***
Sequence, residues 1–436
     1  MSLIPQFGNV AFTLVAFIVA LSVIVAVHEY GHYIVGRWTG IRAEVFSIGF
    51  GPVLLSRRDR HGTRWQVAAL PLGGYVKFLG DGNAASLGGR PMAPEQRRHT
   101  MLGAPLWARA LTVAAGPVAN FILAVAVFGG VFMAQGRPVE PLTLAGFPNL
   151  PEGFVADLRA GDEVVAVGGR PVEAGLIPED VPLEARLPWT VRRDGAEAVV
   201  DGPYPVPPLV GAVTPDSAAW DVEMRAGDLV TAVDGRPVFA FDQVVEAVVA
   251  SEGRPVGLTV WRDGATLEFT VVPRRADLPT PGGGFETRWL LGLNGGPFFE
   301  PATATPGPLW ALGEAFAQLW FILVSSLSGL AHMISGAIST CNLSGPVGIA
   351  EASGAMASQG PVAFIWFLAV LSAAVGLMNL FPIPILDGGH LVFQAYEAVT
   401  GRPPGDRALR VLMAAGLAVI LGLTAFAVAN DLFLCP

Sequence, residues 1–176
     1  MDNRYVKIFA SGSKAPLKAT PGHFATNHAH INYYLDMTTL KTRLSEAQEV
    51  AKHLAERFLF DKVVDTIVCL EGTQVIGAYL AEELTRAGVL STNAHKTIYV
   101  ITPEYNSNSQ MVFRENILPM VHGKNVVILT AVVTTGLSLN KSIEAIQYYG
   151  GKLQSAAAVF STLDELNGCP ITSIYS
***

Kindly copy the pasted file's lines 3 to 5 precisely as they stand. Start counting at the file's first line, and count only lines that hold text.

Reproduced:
    51  GPVLLSRRDR HGTRWQVAAL PLGGYVKFLG DGNAASLGGR PMAPEQRRHT
   101  MLGAPLWARA LTVAAGPVAN FILAVAVFGG VFMAQGRPVE PLTLAGFPNL
   151  PEGFVADLRA GDEVVAVGGR PVEAGLIPED VPLEARLPWT VRRDGAEAVV